Dirk Hartog’s pewter plate. Image supplied by Rijksmuseum, Amsterdam.

This Dutch sea-captain, the first European to venture up the Zwaanenrivier (Swan River) past the present day site of Perth, arrived on Dirk Hartog Island early in 1697. During his exploration he found the plate and replaced it with a new one inscribed with the text from the original and details of his own voyage.

By delivering Hartog’s plate to the Dutch authorities in Batavia (Jakarta), de Vlamingh played a crucial role in its safeguarding. A fascinating reminder of the role played by Dutch navigators in the charting of Australia, this astonishing relic is now preserved by the Rijksmuseum in Amsterdam.

Equally valued in Australia as the oldest physical evidence of European contact with the continent, a replica can be seen at the Western Australian Museum – Shipwreck Galleries, Fremantle.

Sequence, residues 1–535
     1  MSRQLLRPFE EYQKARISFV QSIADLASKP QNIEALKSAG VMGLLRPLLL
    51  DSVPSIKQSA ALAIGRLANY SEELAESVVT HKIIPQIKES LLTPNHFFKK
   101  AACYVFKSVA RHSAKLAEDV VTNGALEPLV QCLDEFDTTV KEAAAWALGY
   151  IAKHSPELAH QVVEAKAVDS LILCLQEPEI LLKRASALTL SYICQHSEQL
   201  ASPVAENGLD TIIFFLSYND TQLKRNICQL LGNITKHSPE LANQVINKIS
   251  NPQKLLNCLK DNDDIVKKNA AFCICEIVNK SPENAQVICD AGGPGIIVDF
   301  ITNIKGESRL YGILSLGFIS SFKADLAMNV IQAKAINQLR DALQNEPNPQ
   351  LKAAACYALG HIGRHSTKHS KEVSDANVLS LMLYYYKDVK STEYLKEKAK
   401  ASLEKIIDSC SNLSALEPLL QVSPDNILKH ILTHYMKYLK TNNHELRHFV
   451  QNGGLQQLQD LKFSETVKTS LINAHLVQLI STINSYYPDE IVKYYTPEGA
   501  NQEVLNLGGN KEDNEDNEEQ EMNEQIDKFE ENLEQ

400th Anniversary Commemoration

Western Australia and the Netherlands will be marking the story of Dirk Hartog at Shark Bay between 21 and 25 October 2016.


Issued by The Perth Mint, the Australian commemorative coin is housed in presentation packaging accompanied by a numbered Certificate of Authenticity.

As part of the commemorations, copies of Hartog’s plate and the plate that Willem de Vlamingh replaced it with in 1697 will be embedded at the original site where visitors will benefit from new interpretive panels.

Representative of Dutch ships of the era, the Duyfken will also embark on a six-week journey along Western Australia’s coast during which she will be open for public tours.

For details of these events and more, please visit www.sharkbay1616.com.au.


Courtesy of the Shire of Shark Bay